'Stray': Film Review | Tribeca 2020

Elizabeth Lo
A howling success.

Elizabeth Lo's first feature-length documentary offers a dog's eye view of Istanbul.

[Note: In the wake of the Tribeca festival's postponement this year, The Hollywood Reporter is reviewing select entries that elected to premiere digitally.]

There are close-ups, and then there are close-ups — frame-filling, heart-stopping glimpses of a soul. In the brief but stirring Stray, those glimpsed souls belong to dogs who live on the streets of a major city. The faces are magnificent, but not in a best-in-show way; they're the weathered (or ultra-young) mugs of characters whose backstories we'll never know, and whose every move and glance suggests volumes.

Comparisons to Kedi are inevitable for Stray. Like that 2017 documentary, Elizabeth Lo's affecting debut explores the urban wildlife of Istanbul. In Kedi, felines come and go, forging deep bonds with humans but never settling down with them. Something similar is afoot with the dogs in Stray: At once solitary and social, they move through the city with a potent sense of independence, but also a keen interest in the people around them. As charged with emotion as Kedi can be, its mood is soothing and hopeful; it's a cinematic valentine. Stray is a very different animal — illuminating, through its central canines' adventures, the economic and political divisions and the cultural hierarchies that define our time.

Lo's artful, intimate doc joins a growing body of indelible nonfiction films, among them the recent Berlin title Gunda, that address the mystery of human-animal relationships and the need to reconsider our assumptions.

By Western standards, Turkey has an unusual attitude toward animals; as intertitles explain, after a century of attempts to eradicate its wild dogs, the country has made a sort of laissez-faire peace with them, outlawing the euthanization of strays. Lo follows them in the midst of rush hour traffic — sometimes literally — as well as romping through parks, loping down nighttime streets, chasing cars, digging through trash and scanning the waterfront with a noirish touch of je ne sais quoi. (As far as I can tell, no felines were harmed in the making of this film, but at least one was chased up a tree.)

The helmer, who handled DP duties as well as editing, laces the variously breathless and contemplative action with quotes from the dog-admiring philosopher Diogenes. She zeros in on two trios, one canine (a couple of big, self-possessed females and a shy piebald puppy), the other human: young male immigrants from Syria. Jamil, Halil and Ali have been living on the streets for a couple of years, peddling small items during the day, sniffing glue, and sleeping in construction-site squats where the dogs sometimes share the blankets with them. When these six are together, they form a ragtag family of motherless children.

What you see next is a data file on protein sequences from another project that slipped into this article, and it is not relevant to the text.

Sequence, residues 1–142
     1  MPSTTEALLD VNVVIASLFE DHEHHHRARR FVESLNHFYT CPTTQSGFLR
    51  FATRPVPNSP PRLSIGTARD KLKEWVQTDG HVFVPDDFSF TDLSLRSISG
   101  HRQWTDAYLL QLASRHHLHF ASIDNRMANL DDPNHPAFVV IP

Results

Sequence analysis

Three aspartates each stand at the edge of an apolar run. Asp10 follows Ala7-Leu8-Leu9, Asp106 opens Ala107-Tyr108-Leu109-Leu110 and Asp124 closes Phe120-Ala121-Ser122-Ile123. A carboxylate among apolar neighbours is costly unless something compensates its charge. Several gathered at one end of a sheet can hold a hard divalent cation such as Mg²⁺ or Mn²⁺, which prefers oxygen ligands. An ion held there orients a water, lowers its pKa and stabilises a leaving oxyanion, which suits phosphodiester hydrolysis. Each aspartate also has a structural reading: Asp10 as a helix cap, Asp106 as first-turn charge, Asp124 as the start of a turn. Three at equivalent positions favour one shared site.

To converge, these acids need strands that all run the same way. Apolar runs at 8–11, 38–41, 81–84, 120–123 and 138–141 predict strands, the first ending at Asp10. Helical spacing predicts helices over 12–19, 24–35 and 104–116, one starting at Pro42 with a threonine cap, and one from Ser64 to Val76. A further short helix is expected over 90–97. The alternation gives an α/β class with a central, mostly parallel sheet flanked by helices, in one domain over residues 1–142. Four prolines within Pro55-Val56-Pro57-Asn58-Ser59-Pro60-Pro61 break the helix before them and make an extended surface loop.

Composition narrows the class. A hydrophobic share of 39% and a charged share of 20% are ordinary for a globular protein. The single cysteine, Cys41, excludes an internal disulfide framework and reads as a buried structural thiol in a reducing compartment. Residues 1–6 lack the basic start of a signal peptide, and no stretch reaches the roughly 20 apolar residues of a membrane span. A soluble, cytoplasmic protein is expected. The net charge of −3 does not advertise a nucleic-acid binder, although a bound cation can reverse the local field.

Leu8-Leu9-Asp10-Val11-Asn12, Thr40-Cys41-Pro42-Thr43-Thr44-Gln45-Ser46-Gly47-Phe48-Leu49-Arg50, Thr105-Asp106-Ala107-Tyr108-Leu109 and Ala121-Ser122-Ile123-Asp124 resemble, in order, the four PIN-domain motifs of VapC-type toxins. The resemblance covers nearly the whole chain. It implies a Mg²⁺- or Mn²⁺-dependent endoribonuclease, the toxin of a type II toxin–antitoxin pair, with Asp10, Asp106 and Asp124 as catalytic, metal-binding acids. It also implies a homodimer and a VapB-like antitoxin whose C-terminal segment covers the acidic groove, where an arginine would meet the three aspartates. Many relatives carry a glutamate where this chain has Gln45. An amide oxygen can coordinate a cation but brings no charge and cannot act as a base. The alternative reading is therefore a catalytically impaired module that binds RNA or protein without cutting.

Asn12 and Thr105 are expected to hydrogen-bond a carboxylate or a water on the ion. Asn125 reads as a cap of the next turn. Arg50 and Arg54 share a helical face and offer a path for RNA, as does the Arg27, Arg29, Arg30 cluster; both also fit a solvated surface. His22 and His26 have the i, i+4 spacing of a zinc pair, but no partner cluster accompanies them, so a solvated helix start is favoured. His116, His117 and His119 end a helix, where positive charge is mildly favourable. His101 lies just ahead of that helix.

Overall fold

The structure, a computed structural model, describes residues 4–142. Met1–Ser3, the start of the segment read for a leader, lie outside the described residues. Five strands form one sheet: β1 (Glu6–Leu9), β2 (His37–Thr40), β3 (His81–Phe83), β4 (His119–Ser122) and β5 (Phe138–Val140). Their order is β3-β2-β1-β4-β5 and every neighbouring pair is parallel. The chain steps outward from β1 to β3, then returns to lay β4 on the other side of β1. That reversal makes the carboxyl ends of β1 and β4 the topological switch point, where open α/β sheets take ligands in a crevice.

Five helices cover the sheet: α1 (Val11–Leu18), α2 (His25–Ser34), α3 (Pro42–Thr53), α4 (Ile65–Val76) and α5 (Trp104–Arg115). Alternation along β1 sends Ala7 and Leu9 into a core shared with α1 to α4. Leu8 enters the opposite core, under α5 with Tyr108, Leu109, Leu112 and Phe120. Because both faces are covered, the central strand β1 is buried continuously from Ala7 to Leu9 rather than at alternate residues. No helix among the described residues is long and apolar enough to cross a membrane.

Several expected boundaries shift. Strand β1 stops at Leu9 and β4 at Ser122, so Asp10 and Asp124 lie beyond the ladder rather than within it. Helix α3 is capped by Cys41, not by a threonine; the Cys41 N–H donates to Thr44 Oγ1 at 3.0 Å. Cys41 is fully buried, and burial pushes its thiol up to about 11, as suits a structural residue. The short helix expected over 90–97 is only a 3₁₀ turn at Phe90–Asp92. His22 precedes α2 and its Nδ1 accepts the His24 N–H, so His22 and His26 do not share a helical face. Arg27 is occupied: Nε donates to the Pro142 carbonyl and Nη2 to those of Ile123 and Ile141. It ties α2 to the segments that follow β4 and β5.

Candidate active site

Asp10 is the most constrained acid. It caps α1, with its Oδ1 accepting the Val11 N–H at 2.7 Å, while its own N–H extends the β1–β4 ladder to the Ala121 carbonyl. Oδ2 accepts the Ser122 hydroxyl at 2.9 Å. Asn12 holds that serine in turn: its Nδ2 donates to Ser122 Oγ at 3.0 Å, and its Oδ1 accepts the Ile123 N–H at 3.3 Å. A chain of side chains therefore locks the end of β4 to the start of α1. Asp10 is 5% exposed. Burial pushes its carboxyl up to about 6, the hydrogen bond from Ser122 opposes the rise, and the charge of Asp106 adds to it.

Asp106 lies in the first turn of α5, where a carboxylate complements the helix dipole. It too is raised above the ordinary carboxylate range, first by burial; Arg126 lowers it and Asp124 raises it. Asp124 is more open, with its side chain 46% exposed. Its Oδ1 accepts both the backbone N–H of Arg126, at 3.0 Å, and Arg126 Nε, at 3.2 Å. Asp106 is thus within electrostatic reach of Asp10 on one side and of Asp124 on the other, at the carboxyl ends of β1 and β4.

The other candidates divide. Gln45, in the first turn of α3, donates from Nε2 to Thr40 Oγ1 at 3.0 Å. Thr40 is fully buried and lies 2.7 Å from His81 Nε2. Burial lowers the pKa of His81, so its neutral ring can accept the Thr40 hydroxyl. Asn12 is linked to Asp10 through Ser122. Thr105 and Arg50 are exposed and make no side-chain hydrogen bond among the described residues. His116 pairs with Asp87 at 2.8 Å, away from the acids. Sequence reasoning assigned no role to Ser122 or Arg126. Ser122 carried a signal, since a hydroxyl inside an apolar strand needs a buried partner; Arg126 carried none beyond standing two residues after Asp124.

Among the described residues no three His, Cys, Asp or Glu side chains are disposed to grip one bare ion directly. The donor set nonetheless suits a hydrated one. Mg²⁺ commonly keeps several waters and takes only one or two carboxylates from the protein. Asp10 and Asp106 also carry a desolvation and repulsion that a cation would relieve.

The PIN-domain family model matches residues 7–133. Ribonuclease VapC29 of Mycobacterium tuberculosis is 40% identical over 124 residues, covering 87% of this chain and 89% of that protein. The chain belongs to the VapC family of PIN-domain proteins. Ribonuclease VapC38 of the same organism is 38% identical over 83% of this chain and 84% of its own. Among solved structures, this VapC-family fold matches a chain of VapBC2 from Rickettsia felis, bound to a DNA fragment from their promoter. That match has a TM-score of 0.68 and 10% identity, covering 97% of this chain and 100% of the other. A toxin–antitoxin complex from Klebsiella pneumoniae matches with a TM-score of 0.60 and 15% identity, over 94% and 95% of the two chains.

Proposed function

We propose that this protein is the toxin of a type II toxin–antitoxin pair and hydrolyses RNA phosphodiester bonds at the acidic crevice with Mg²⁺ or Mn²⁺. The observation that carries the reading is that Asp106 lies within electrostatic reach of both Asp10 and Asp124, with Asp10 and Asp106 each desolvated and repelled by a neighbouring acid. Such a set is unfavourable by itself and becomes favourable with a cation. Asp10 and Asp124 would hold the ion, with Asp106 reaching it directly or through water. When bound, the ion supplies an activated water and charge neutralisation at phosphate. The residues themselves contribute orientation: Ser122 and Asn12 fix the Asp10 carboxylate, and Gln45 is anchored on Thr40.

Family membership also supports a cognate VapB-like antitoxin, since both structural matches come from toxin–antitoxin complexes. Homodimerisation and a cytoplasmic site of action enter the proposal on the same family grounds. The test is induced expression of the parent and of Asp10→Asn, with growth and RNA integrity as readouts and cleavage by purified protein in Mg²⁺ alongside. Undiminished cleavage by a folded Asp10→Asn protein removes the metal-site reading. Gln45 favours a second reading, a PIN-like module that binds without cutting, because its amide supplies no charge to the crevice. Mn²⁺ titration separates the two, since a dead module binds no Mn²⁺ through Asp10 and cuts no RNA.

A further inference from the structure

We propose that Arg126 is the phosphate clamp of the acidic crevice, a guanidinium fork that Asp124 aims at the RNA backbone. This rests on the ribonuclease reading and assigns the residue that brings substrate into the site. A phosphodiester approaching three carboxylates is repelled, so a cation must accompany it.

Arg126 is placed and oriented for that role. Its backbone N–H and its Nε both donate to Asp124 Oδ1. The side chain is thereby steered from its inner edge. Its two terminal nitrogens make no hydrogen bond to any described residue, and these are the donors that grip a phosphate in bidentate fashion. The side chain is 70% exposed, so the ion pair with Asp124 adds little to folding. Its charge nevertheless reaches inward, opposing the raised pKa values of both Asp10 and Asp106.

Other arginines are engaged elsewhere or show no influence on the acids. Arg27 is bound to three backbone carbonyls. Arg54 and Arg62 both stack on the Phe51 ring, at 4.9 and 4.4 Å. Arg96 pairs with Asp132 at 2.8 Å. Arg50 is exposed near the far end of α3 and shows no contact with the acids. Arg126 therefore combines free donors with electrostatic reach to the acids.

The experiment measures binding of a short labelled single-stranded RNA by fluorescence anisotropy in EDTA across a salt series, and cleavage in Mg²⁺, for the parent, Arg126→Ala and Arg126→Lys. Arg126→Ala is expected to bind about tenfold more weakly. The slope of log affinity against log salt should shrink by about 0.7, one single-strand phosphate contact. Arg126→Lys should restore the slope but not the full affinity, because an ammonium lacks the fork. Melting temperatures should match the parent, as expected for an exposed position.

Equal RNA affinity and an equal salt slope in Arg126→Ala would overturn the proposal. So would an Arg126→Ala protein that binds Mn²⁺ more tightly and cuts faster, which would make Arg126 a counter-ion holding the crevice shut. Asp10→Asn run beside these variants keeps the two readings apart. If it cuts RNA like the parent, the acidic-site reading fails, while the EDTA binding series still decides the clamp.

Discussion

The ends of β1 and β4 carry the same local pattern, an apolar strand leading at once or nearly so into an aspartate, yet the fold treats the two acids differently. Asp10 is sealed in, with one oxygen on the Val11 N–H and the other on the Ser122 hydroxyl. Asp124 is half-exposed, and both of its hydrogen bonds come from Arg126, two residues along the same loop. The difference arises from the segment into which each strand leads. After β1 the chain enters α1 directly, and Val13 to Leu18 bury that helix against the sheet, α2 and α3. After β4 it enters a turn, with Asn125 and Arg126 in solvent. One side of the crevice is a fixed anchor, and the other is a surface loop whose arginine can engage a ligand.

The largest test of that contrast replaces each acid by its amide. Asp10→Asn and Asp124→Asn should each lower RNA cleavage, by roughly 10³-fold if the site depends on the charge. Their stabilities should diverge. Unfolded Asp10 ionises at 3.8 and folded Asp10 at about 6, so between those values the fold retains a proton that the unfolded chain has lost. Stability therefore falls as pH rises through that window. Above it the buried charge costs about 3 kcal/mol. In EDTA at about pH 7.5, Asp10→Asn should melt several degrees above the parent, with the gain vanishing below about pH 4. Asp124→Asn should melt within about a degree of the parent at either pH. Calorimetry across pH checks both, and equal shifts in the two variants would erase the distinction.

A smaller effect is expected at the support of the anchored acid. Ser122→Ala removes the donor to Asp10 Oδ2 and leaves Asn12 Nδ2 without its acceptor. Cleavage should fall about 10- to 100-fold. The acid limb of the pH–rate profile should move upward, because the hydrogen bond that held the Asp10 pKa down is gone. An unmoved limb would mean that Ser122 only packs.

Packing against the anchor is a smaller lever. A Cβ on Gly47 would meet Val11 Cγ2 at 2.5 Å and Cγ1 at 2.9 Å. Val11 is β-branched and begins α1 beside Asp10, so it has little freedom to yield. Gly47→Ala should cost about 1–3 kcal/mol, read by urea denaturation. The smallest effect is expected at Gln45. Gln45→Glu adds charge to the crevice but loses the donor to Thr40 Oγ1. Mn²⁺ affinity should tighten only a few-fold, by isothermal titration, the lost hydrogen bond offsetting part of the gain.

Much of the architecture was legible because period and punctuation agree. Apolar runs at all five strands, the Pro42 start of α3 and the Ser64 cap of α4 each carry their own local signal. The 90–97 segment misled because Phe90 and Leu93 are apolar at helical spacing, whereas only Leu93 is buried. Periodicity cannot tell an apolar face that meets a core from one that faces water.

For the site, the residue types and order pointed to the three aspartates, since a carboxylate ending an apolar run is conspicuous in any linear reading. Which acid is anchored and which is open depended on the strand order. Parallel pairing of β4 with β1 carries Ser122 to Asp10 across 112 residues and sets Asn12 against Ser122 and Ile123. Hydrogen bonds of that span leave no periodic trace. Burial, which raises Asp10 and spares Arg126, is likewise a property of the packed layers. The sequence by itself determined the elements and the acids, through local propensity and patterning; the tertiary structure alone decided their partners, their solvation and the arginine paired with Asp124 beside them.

The experienced, easygoing Nazar and young, needy Kartal are riveting in their own right, but the movie belongs to the muscular and ever watchful Zeytin. Per Lo's statement in press notes for the film, "Zeytin quickly emerged as the focus of our production because she was one of the rare dogs we followed who did not inadvertently end up following us back." Filming mostly at dog's-eye level, Lo followed Zeytin for six months (keeping track of her and the other free-roaming pups via overnight GPS collars). The camerawork is an extraordinary technical feat as well as profoundly expressive; a couple of Zeytin's close-ups rival those of Falconetti or Garbo, although this nonperformer arguably has more agency.

Heightening the doc's center-shifting perspective are the richly distorted textures of Ali Helnwein's score and the deft sound design by Ernst Karel (Leviathan, Sweetgrass). Working from the daily recordings of local co-producers Ceylan Carhoglu, Zeynep Köprülü and Zeynep Aslanoba, Karel has crafted a postmodern symphony of traffic noises, café conversations (love gone cold, social media miscues), and the relative hush of the streets during sunset prayers.

There are jolts of humor. Participants in a Women's Day demonstration project some of their gender politics onto a pair of dogs getting it on in their midst. Zeytin checks out a tiny dog named Bella who's being walked on a leash while wearing a raincoat. 

But through it all, Stray shines a piercing light on what it means to be an outcast in a teeming metropolis. Though they do find attentive people with whom to pass an hour or two, it's remarkable how often the dogs go unnoted by pedestrians (luckily, drivers heed them). The boys from Aleppo slip through the cracks, too, viewed head-on only when they're being admonished or arrested. The man who kicks them out of a building where they've been squatting does it relatively gently, but he doesn't understand why they're there in the first place. "Go to your house," he tells them.

Through a finely calibrated ebb and flow of insight and emotion, Lo offers a fresh perspective on life in the shadows — the freedom as well as the neglect — building toward an end-credits coda, a song from the heart, that's not to be missed.

Production companies: Molj, Periferi Film, Intuitive Pictures
Director-director of photography-editor: Elizabeth Lo
Producers: Elizabeth Lo, Shane Boris
Executive producer: Ina Fichman
Composer: Ali Helnwein
Sound designer: Ernst Karel
Venue: Tribeca Film Festival online (Viewpoints)
Sales: Dogwoof

71 minutes